Stages: A Handbook on Men and Relationships – Chapter 8

Chapter 8
After church I made sure to call Ros up and let her know I was thinking about her. She told me how much she enjoyed us. I reciprocated her thoughts.
“I hope we can get together more often,” she said. I thought, “I don’t. I like it once a week if you don’t mind.” But I said, “That would be nice, but maybe we should make sure of what we’re doing here.”
“I agree, but for right now, it’s cool. No stress.”
No stress, just what I was trying to convey. For some reason it was like the lotto had walked in to find me, without me even buying a ticket.
“Are you sure? I don’t want to disrespect you,” I said.
“As long as you don’t throw shit in my face we’ll be okay.”
“What do you mean?”
“Just don’t lie to me. If you’re going to mess around then do it and let me go.”
“I hear you, but that sounds like-”
“But are you listening? I want you to let me know when you don’t want to be bothered. Don’t just start doing whatever and leaving me hanging.”
“Yeah, I’m listening. I won’t diss you.”
“Call me later, okay,” she said.

I never dissed Ros either. We really didn’t last long because of her son. I didn’t want to meet him and we just couldn’t find the time to see each other as much as we would’ve liked. She still wanted to see me every now and then, but that would be hard. The two months had blown by and Laney had been back for about two weeks. I had picked her up and we hadn’t talked since then. I would talk to Ros every few days or so just to keep the contact. But now I had to direct my attention back towards Laney. I did so, but I also knew that the likelihood of me getting back in really good with her was slim. I could have regained the same status with her if I felt like devoting the time to it, but come on that would’ve meant I was stepping up a level, and I wouldn’t step up for another five months.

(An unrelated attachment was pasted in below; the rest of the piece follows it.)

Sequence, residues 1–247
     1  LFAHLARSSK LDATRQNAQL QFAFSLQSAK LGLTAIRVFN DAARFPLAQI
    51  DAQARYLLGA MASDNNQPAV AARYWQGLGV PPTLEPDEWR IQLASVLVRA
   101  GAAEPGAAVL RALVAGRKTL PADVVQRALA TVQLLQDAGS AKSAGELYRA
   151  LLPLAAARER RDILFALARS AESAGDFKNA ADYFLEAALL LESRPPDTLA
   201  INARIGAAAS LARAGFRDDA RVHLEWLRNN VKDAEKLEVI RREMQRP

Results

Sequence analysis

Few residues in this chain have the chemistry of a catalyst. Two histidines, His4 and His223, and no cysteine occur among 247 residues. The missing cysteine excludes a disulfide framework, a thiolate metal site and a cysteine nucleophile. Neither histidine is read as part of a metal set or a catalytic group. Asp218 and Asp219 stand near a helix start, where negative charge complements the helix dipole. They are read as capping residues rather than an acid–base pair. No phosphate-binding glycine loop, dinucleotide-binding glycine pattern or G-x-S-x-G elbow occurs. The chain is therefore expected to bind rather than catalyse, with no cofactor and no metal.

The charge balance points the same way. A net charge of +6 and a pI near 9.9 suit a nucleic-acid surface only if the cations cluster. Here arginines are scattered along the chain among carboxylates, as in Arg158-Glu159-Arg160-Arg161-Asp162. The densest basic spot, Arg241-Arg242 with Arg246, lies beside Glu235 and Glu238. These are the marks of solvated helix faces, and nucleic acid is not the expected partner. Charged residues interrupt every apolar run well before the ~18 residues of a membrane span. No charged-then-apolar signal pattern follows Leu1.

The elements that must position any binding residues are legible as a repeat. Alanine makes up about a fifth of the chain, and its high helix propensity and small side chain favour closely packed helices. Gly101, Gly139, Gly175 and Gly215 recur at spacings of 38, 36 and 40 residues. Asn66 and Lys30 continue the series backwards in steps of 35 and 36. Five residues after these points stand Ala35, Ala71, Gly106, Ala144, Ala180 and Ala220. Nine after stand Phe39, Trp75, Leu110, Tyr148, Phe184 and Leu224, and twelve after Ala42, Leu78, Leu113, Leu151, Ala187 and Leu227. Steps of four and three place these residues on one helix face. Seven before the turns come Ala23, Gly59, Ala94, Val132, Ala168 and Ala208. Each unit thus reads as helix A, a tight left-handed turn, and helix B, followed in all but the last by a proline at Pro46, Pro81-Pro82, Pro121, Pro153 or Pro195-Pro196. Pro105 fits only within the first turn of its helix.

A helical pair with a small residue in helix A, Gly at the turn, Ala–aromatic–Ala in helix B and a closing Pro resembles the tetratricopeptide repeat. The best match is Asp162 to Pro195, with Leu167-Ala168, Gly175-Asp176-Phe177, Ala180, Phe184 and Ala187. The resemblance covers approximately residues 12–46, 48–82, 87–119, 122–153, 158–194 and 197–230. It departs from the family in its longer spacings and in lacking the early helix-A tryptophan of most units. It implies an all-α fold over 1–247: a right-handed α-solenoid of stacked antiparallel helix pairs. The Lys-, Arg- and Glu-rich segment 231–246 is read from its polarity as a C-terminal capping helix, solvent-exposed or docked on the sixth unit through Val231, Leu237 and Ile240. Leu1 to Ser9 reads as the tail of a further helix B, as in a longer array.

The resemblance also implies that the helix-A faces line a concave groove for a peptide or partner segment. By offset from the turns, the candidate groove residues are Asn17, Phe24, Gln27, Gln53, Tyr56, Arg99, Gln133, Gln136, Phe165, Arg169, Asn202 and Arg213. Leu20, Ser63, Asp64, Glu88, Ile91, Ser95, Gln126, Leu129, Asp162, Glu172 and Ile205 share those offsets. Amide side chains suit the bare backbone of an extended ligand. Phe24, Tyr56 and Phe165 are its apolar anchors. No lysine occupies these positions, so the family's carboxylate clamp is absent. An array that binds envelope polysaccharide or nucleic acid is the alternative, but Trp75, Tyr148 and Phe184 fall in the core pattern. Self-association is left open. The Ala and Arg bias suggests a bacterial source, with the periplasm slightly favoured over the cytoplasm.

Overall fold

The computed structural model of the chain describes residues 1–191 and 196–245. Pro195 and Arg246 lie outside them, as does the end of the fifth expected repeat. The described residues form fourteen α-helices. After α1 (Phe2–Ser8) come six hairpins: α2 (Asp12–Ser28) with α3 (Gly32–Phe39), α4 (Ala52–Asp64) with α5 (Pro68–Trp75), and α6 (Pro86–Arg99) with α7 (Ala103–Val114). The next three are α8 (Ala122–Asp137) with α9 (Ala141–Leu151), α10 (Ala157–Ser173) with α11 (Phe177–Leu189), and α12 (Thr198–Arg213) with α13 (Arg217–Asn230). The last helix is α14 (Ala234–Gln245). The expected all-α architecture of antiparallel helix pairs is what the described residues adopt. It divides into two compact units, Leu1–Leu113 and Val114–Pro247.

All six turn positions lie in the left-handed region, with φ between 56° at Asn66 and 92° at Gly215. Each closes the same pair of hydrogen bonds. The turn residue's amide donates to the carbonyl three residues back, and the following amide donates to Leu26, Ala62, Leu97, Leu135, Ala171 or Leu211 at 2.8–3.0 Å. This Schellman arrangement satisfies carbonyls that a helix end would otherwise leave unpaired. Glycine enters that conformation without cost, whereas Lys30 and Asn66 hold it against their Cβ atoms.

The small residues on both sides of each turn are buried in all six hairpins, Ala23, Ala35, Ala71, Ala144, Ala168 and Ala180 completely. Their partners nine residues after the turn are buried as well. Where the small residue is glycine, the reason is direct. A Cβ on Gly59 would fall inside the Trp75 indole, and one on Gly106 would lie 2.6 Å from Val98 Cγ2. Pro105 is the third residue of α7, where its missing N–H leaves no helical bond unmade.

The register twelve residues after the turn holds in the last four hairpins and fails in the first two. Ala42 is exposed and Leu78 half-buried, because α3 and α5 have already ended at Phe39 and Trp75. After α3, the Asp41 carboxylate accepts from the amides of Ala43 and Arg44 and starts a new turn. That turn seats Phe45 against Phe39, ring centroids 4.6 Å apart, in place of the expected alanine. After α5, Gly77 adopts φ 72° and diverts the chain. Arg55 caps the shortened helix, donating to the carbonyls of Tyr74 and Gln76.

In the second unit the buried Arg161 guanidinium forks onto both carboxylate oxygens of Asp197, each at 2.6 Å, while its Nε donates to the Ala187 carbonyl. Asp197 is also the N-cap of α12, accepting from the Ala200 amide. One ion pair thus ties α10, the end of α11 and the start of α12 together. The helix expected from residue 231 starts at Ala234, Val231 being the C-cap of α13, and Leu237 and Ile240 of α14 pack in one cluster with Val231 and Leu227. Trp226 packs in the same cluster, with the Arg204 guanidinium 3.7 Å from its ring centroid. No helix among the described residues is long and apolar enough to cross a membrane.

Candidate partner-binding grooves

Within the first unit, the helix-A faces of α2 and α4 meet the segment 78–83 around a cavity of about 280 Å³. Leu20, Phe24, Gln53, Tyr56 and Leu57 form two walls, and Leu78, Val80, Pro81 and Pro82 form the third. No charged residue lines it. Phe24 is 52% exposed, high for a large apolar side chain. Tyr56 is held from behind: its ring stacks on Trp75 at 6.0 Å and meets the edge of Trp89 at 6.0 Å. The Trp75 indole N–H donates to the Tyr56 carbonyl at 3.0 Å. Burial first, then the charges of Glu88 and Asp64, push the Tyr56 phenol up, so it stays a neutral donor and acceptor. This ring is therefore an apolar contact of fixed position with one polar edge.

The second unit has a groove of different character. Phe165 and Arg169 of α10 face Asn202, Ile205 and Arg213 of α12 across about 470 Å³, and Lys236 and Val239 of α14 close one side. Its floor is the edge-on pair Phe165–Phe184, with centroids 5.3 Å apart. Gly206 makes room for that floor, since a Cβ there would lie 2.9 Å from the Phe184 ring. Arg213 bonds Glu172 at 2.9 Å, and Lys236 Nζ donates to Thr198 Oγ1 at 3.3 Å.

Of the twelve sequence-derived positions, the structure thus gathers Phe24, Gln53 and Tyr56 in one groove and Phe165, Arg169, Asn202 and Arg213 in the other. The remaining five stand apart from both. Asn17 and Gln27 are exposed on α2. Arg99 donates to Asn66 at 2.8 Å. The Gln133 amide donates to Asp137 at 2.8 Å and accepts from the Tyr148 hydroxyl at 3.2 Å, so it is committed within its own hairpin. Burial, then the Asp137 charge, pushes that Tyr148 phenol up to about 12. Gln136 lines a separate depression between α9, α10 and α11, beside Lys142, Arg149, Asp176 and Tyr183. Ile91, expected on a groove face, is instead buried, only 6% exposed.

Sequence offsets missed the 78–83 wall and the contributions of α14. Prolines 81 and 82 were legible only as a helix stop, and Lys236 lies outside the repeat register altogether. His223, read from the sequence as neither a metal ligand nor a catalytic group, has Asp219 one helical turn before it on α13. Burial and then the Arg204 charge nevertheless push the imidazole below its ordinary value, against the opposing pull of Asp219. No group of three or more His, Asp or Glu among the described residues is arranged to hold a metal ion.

On November the 7th, 96, Laney and I planned on meeting each other at the park to talk. As I spoke to her on the phone the other line clicked. During the dissolving phase of letting Ros go, and the rebuilding with Laney, Eva had begun to call me. Eva was the third phone number and she came along at the right time also, I had just stopped kicking it with Ros, and Laney and I weren’t exactly making good music. She stood about five foot two inches. She was pretty in the face but her body wasn’t that hot so I really didn’t pursue her, but she made it a point to contact me whenever it was possible. I kind of blew her off in a real nice way every time she called. I had a few chances to hit it, and I did. I just couldn’t get into her. I kept her on deck in case of emergencies.
Laney and I met at Balboa park on a Saturday. We talked and went to several museums.
“I missed you Laney. Why didn’t you let me come and pick you up?”
“I figured this was more of a business meeting than a pleasure meeting.”
“Business? You didn’t miss me?” I asked.
“You know I did, but I was disturbed about what happened at the pier. It bothered me the whole time I was gone. Thank God I didn’t work on the flight deck.”
“It bothered you that much?”
“Don’t ask stupid questions. You know damn well it bothered me. The problem for me was that you were right.”
“About what?”
“You did express that you didn’t want anything serious.”
“I’m sorry-”
“No apologies please, unless you have something to feel sorry about. You didn’t seem to feel bad that day.”
“How can you say that? It took a lot for me to say that. I was trying to be honest. I was trying not to be typical.”
“In your attempt you became typical.”
“Come on now, why you got to say that?”
“Tee, if you never wanted to deal with me on that level you could’ve easily stopped everything. Instead, you let it all happen.”